Is Apple Losing Its Shine After Steve Jobs?

A few more disappointing quarters -- or slowing iPhone sales-growth -- and doubt could build about Apple's post-Steve Jobs future.

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David Paul Morris / Bloomberg / Getty Images

Steve Jobs unveils the iCloud storage system at the Apple Worldwide Developers Conference in San Francisco, June 6, 2011.

If last week’s technology earnings bloodbath gave you pause, consider this: What happens if Apple, the world’s most valuable technology company, falters? It’s a chilling thought. As the one-year anniversary approaches of the death of Steve Jobs, the visionary and revered executive behind Apple’s most beloved products, tough questions could bubble up about Apple’s future, especially if we see a few more quarters of disappointing earnings results — or weakening iPhone sales growth.

Last week, Apple delivered a rare earnings disappointment. The report was notable for weak iPhone sales growth, which Apple tried to explain by citing “rumors and speculation” about a new iPhone that could be leading consumers to hold out for the new model. Apple reported sales of $35 billion, below Wall Street expectations of $37 billion, and said it sold 26 million iPhones, down from 35.1 million in the previous quarter but 28% higher than last year. That result was underwhelming for a company that normally blows away Wall Street expectations. “It’s disappointing on the iPhone number,” Piper Jaffray analyst Gene Munster observed mildly.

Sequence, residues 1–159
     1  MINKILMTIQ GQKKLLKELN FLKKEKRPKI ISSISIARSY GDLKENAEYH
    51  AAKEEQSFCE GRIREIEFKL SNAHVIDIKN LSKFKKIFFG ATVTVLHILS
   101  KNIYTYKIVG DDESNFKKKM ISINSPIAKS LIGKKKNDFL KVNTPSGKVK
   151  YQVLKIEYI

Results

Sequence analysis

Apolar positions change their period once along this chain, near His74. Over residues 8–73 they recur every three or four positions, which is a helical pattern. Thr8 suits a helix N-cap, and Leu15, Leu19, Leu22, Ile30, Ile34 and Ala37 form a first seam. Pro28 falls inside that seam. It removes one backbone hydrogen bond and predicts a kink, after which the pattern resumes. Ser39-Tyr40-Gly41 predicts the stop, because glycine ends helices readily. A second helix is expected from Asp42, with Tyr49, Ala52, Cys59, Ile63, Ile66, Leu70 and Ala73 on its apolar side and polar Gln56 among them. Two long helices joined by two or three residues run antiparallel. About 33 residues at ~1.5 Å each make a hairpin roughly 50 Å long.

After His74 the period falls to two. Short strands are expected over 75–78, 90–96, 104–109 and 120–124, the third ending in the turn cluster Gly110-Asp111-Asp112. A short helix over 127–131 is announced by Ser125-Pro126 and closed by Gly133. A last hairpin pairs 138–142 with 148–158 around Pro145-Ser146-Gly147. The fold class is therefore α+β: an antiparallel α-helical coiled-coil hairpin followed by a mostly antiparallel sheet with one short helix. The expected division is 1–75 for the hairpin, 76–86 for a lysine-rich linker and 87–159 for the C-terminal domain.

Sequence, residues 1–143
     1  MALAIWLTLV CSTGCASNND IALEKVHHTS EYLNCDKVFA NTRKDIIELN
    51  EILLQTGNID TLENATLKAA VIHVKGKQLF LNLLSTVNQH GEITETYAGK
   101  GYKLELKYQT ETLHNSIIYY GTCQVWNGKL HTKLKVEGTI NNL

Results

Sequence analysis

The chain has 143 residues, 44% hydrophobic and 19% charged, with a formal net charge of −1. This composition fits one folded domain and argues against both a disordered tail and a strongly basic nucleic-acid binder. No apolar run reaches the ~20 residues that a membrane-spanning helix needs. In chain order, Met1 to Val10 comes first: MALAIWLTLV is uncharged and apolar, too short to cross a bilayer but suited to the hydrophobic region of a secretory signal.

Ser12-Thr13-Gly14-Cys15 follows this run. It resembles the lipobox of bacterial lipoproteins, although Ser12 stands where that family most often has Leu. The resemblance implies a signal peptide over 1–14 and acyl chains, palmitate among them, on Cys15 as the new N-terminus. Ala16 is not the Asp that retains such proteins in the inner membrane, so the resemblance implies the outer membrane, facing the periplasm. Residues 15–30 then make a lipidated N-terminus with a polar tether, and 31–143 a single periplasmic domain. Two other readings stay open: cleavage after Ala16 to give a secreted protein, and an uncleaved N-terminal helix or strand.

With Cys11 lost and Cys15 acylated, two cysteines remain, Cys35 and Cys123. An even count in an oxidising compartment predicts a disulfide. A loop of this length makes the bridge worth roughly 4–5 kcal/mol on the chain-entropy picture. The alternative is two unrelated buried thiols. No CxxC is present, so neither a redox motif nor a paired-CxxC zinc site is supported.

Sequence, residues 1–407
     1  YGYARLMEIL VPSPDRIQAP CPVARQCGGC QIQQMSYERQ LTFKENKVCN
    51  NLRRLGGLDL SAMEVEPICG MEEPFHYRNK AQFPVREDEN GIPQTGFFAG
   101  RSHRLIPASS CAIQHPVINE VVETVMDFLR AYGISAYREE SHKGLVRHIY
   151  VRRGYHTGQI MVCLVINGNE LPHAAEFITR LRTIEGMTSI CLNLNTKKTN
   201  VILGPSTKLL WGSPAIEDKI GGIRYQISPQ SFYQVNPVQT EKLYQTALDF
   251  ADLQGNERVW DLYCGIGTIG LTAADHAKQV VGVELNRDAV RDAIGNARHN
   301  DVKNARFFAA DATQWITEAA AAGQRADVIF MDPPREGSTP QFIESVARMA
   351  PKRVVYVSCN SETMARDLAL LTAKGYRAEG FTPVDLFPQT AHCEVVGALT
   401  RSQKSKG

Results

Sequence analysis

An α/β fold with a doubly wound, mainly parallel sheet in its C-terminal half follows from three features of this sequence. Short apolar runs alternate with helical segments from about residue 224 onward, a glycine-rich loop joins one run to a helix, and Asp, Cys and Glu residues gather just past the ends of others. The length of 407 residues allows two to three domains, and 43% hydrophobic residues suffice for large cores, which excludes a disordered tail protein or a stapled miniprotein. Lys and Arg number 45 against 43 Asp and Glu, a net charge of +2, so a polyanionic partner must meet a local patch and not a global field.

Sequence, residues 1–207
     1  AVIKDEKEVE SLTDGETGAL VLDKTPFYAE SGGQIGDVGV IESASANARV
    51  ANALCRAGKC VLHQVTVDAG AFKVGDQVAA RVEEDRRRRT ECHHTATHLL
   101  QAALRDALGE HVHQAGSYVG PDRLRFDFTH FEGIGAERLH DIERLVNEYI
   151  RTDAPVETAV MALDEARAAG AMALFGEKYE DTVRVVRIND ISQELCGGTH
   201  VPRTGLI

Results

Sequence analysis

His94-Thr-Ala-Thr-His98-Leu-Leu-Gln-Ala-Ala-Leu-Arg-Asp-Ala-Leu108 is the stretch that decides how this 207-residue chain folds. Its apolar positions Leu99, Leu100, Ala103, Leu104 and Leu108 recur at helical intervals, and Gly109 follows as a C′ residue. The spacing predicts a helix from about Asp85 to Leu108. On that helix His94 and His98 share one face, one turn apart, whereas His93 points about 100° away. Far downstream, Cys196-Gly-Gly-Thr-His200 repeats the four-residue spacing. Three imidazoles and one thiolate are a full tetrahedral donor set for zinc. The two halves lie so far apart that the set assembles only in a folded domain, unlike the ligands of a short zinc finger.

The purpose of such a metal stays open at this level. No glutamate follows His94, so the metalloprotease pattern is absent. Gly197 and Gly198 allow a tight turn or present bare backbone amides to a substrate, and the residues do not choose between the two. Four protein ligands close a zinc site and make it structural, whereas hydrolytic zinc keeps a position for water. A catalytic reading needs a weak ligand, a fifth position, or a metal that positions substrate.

Apple has a winning product with the iPad tablet, but that device faces increased competition, most notably from newly introduced Google and Microsoft devices. Also: don’t forget that iPhone sales account for nearly half of Apple’s overall revenue, though sales of the newer — and more expensive iPad — are rising more quickly. To continue its astonishing ascent for the next 5 years — venture capital titan Marc Andreessen’s baseline time-horizon for Silicon Valley tech innovation — Apple is going to need a new breakthrough hit product.

Apple’s competition isn’t going to remain in chaos forever, and there are signs that the company’s rivals are, in fact, getting their respective acts together. Apple shares fell over 5% after the report, though they’ve since rebounded, in part because the company’s stock is still seen as safe in an especially turbulent market.

(MORE: How Low Can Facebook Go?)

What if Steve Jobs already introduced the overwhelming balance of Apple’s breakthrough products? After all, during his too-brief, once-in-a-century career, he radically disrupted at least seven industries: personal computing, desktop software, music, mobile phones, publishing, tablet computers, and Hollywood animation, as Jobs biographer Walter Isaacson recently observed on 60 Minutes.

This week, the Associated Press published a story with a truly eye-opening headline: “IPhone appeal dims as Samsung shines.” IPhone appeal dims? That’s not exactly the impression given by the company’s report nor its executives. To the extent that consumers are waiting for the new iPhone, it means they really want one. Sure, a weakening economy doesn’t help, but as Apple CEO Tim Cook said: “I’m glad that people want the next thing. I’m super-happy about that.” So what did the AP report offer to back up that headline?